As an avid PC and console gamer, I was extremely excited for Destiny 2. I mean, who wouldn’t have been? The first game was amazing, complete with an open world, a fully-online experience, and amazing DLC (not to mention the novella that was released alongside The Taken King). I pre-ordered the Collector’s Edition and went to a local midnight release of the game. As I walked out to my car, game in hand, I thought that this was well worth the purchase, as I’d be playing it for years to come. I soon realized how big of a mistake I had made.

As I popped it in and started playing, I came to the realization that you have to grind a whole lot more in this game than you had to in the first installment. I didn’t have too much of an issue with this; I enjoy grinding quite a bit (why would I spend nearly a decade and a half playing RuneScape if I didn’t?). Besides, the loot was more than worth it, or so I thought at the time. In addition to these, I wasn’t too pleased at the fact that my character’s stats from the original wouldn’t carry over as promised.

Destiny 2 was one huge letdown from the start. The game’s release date was pushed back several times, further annoying an already disgruntled fanbase. Several promised features were dropped, such as the aforementioned carrying-over of character stats from the previous installment as well as the removal of Grimoire cards, an important feature in the original. Furthermore, Vicarious Visions joining the development team, in my opinion, hindered the game’s success even more. Also, what’s with Curse of Osiris and the plethora of issues with its release? That alone almost makes me uninterested in the second expansion that’s to come in a couple months.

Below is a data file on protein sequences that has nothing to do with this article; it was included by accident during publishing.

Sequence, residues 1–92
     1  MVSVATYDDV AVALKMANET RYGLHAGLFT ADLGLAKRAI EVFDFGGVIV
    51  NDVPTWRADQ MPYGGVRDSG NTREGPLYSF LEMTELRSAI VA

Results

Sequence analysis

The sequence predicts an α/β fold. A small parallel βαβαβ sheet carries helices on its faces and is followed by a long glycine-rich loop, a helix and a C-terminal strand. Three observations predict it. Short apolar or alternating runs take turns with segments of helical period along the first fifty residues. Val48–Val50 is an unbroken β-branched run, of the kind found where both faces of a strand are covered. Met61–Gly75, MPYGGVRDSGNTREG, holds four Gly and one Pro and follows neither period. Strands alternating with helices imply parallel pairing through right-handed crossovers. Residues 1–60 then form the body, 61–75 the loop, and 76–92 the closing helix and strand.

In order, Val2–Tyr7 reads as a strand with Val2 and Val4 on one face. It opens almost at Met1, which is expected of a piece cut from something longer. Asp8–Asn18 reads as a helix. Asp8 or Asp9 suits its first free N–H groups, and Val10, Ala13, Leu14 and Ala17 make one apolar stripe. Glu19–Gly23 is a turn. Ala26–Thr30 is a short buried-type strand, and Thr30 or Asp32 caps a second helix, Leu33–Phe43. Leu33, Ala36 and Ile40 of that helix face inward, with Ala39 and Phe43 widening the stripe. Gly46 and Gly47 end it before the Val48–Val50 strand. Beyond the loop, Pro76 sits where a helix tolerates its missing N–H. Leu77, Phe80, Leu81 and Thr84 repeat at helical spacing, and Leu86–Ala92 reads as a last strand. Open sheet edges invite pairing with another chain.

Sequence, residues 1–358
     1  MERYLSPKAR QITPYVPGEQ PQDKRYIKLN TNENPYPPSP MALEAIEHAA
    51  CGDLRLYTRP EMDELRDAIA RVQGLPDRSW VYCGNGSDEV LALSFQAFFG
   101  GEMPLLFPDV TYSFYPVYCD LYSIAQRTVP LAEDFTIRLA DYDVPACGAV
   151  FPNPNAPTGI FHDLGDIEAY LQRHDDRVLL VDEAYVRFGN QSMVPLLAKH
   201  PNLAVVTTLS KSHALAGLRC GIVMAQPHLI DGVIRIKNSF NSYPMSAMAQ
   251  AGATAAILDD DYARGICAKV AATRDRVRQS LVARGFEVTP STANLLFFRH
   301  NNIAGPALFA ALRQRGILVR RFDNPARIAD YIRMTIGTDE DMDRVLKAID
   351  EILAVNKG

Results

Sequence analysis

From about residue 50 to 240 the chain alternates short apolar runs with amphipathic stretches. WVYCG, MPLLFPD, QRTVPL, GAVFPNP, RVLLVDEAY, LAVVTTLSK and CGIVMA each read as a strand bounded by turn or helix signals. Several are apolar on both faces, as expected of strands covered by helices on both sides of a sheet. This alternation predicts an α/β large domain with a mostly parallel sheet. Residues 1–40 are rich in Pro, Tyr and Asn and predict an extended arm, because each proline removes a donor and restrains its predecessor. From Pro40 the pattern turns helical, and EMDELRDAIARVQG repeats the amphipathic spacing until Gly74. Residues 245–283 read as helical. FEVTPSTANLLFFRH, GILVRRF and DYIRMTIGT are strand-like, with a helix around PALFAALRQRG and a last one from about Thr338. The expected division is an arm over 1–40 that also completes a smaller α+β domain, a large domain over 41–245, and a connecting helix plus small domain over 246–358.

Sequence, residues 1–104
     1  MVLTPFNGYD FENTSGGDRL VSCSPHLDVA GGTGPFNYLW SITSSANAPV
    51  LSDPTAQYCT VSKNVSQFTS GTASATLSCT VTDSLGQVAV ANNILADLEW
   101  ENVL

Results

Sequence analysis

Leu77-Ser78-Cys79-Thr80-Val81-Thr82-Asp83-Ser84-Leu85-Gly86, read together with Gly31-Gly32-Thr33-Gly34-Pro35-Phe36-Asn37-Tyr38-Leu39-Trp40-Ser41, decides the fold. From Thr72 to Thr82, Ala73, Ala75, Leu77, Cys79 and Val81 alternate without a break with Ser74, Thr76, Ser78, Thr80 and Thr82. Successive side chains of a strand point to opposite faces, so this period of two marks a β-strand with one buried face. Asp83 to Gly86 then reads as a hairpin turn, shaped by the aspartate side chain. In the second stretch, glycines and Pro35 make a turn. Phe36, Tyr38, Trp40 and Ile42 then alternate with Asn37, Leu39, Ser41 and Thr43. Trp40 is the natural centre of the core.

However, the game isn’t entirely awful (I mean, we aren’t talking about the absolute disaster that was Fable 3, are we?). The writing staff is superb, with talents such as Christopher Schlerf, the lead writer for Halo 4 and a contributor on Mass Effect: Andromeda. The design team significantly improved upon the graphics of the first game, a feat that was surely hard to accomplish. And really, who can say they didn’t like the many improved multiplayer functionalities?

However, most of these pale in comparison to the first installment. The original Destiny was written primarily by Joseph Staten, a one-man linguistic powerhouse. The DLCs, as stated above, were amazing. Each new DLC certainly topped the last. The best (and possibly the most interesting) of all? Paul FREAKIN’ McCartney was a composer, an amazing one at that.

All in all, the game has significantly more downs than ups. Destiny 2 is certainly an acquired taste, and many newcomers to the series will likely be turned off by the many shortcomings of the game. However, this is just one opinion; the game got an average of 85/100, so I suppose SOMEONE had to like it. Regardless, if you like excessive grinding and disappointments from the developers (not to mention the utter mess that is Vicarious Visions), then this is certainly the game for you.

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